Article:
• GS Soil (Assessment and strategic development of INSPIRE compliant Geodata-Services for European Soil Data, June 2009 - May 2012), contributing to the harmonization and provision of interoperable soil geodata in Europe. The project’s web portal (http://gssoil-portal.eu/) provides information, data management tools and links to data sources. Examples are the soil specific multilingual thesaurus, a metadata editor and catalogue service, provision of WMS and prototype WFS [24].
4. National Interoperability Practices
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This metric provides an indication of the number of interoperability cases with a good practice label that have been implemented by a country. These are projects and other activities that have resulted in the development of innovative, flexible and reconfigurable interoperability solutions with an appreciable impact in terms of users’ uptake, a series of articulated benefits (e.g. managerial, financial, cultural etc.), and a number of patterns and components that may be either reused in other activities within the country or in other countries, or that can be exploited for educational and/or benchmarking purposes. Values:

  • Non-existent: no cases
  • Low: 1-5 cases
  • Medium: 6-20 cases
  • High: over 20 cases
4.1. Number of Interoperability Cases with Good Practice Label Low
  • Integrated web platform, providing 13 municipal and central government services online, accessible at http://portal.egov.bg.
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In the frame of this indicator, one interoperability case with a good practice label is selected as the most important or indicative one and is described with regard to a series of aspects including title, status, interoperability aspects covered and impact.

4.2. Best Interoperability Practice
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4.2.1. Title Integrated web platform
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4.2.2. Description

Integrated web platform, providing 13 municipal and central government services online, accessible at http://portal.egov.bg.

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4.2.3. Status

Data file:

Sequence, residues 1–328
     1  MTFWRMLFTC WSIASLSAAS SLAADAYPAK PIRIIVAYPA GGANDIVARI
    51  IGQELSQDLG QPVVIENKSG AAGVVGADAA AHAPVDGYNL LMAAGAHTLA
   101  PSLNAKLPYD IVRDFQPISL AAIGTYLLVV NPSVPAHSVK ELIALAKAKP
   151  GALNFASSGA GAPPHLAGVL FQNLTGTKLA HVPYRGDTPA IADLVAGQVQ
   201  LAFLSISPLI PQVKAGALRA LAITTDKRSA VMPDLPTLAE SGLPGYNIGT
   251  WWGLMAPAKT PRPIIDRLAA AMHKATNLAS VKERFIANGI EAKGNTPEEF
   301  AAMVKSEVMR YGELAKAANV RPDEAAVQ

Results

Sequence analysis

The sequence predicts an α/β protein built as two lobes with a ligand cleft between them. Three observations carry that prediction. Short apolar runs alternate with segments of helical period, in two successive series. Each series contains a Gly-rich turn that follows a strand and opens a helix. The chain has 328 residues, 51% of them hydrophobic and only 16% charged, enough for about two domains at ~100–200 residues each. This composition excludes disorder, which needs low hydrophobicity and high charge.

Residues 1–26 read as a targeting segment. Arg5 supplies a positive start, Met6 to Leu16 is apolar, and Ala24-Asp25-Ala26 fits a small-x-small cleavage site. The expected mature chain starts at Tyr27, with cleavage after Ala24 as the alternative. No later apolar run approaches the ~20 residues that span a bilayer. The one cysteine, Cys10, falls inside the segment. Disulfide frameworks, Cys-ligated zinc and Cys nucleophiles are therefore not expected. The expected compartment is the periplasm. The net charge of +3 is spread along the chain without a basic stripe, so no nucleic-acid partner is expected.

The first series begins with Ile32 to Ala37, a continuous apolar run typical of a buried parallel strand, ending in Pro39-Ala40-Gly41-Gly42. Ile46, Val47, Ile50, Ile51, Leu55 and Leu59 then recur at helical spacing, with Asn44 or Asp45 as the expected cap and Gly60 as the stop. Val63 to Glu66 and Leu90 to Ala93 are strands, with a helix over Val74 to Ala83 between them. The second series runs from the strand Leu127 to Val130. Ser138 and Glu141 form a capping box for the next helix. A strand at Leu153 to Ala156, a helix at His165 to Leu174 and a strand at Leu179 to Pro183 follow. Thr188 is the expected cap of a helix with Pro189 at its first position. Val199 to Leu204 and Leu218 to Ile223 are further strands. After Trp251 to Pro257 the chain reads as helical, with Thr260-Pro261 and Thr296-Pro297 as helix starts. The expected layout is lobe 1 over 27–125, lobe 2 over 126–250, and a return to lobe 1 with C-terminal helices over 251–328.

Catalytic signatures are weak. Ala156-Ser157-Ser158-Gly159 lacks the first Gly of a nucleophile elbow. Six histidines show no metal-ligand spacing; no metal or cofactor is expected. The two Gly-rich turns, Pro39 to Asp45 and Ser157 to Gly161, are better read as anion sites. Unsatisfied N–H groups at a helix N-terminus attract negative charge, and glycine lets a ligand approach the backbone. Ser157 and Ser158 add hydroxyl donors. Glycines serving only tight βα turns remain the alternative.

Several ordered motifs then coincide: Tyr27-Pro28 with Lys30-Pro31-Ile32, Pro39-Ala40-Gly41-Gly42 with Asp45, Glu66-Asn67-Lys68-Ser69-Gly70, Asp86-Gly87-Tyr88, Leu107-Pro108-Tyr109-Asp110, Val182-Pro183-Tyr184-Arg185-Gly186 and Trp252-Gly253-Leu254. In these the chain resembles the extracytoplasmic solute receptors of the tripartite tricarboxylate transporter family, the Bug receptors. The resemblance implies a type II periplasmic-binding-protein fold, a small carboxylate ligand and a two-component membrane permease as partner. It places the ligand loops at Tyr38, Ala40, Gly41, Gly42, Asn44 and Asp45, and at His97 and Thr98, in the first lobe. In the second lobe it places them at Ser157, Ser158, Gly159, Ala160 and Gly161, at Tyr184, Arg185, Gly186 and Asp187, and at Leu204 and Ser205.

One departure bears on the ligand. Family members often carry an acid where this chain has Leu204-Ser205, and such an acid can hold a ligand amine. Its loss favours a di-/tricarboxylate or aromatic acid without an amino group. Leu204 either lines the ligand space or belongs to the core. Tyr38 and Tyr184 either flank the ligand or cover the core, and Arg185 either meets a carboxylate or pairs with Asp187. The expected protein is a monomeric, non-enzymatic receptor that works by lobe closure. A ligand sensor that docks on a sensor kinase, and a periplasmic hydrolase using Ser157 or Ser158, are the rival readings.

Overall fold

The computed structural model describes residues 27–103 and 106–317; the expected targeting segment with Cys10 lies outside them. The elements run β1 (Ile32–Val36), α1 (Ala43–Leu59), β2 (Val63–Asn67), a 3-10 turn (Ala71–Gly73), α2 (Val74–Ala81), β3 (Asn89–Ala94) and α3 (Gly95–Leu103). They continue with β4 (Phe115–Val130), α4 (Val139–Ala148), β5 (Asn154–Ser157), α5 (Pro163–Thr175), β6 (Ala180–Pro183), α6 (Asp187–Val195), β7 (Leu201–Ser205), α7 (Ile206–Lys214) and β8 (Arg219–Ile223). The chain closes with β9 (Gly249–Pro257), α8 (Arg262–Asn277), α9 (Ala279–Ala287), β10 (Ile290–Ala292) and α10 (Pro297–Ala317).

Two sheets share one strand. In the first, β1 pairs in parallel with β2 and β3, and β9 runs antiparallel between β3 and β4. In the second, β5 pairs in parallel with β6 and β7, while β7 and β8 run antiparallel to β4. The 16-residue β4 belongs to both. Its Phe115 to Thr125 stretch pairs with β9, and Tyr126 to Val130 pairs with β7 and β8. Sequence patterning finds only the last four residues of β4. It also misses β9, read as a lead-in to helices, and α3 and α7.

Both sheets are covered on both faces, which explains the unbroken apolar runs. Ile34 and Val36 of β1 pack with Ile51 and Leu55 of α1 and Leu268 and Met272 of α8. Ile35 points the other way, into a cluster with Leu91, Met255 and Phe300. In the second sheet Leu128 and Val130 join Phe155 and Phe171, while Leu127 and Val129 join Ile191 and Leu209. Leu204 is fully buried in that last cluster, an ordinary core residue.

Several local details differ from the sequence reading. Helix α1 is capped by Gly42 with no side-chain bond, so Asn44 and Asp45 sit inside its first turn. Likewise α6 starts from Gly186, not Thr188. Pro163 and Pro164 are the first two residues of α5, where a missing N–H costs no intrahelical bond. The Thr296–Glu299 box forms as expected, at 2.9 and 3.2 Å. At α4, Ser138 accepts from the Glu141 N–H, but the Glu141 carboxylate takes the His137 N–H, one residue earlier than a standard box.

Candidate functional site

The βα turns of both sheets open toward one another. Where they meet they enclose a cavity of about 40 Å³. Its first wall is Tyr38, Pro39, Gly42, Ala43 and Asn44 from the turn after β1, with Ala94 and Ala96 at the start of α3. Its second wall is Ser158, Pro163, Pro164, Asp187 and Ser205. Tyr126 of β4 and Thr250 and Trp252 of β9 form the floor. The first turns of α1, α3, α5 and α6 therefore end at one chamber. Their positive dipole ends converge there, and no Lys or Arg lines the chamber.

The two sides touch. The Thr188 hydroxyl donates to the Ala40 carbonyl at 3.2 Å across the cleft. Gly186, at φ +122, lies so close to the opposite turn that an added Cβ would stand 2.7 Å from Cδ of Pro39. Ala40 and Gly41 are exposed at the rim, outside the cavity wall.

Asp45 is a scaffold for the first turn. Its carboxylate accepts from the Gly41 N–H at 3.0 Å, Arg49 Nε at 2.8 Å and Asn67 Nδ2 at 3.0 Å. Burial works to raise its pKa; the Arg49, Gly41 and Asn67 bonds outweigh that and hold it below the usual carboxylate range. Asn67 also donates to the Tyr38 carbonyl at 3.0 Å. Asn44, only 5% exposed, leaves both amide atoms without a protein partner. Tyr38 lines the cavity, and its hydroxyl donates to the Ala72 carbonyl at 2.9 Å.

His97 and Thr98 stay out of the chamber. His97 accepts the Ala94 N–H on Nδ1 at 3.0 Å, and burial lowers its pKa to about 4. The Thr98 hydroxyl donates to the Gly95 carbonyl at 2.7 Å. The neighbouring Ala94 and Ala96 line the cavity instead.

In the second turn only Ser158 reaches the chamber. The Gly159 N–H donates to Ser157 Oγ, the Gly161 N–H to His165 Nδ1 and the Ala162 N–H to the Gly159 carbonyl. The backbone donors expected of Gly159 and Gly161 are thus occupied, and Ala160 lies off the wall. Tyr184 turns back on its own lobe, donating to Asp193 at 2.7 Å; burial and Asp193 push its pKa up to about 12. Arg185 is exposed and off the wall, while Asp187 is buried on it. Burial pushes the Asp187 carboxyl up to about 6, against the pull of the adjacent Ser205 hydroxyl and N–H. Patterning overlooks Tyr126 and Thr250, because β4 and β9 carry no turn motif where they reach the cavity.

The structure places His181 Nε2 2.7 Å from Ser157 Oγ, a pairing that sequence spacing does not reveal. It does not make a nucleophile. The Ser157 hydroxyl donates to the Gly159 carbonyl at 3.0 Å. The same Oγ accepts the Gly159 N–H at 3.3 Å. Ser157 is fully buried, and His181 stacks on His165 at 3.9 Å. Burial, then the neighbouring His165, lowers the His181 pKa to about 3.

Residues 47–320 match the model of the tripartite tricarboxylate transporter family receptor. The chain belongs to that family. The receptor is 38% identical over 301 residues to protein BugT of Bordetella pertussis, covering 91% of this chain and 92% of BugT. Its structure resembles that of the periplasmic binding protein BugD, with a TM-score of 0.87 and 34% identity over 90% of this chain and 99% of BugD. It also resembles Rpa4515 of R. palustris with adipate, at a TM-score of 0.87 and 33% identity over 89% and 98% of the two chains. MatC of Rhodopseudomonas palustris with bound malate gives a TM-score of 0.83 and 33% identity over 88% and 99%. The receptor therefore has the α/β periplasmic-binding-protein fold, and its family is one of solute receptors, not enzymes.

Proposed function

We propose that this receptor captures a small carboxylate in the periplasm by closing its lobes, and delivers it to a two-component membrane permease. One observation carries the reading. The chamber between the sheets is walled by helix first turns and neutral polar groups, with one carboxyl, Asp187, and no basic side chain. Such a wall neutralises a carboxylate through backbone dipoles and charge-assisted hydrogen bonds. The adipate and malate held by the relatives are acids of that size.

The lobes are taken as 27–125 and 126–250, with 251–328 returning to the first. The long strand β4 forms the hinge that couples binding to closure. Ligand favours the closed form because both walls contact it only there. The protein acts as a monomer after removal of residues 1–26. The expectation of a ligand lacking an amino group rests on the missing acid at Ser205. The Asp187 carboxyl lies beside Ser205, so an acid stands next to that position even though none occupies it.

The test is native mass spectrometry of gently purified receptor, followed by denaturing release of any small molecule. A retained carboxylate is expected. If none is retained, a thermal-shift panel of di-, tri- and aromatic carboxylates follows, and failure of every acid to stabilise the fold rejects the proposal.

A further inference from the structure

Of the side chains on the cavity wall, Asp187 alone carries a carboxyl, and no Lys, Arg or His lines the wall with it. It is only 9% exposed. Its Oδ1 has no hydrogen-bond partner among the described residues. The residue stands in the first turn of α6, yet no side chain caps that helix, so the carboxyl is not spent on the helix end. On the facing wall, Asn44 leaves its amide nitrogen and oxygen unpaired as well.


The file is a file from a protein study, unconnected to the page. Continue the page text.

Testing phase started on 1 February 2010.

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4.2.4. Indicative interoperability aspects covered

(Unknown – Implementation details are not available)

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Brief description of benefits, reusable components, patterns and lessons learnt from the particular IOP case.

4.2.5. Impact

Benefits - Reusable Components – Patterns:

  • Single place to access the public eServices of all levels of government.
  • Data provided by several Public Administrations featured in a unified manner.
  • Joining of more public authorities on the platform, thanks to which citizens will not need to submit the same documents several times
  • The platform demonstrates an example of how integrated eServices should work in practice.
5. e-Government Interoperability
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This indicator reveals the degree of interoperability that reaches the final recipients of public services, aka citizens and businesses, in terms of fully automated and proactive service delivery. The indicator is based on the “Full Online Availability” benchmark introduced by Capgmenini to assess the 20 basic services (12 services for citizens and 8 services for businesses) against the fourth and fifth stages of the 5-stage maturity model, where stage 4 (transaction) corresponds to full electronic case handling, requiring no other formal procedure from the applicant via “paperwork”, and stage 5 (targetisation) provides an indication of the extent, by which front- and back-offices are integrated, data is reused and services are delivered proactively. The reference year is also provided.

5.1. Interoperability Level of core e-Government services to citizens / businesses 70.0%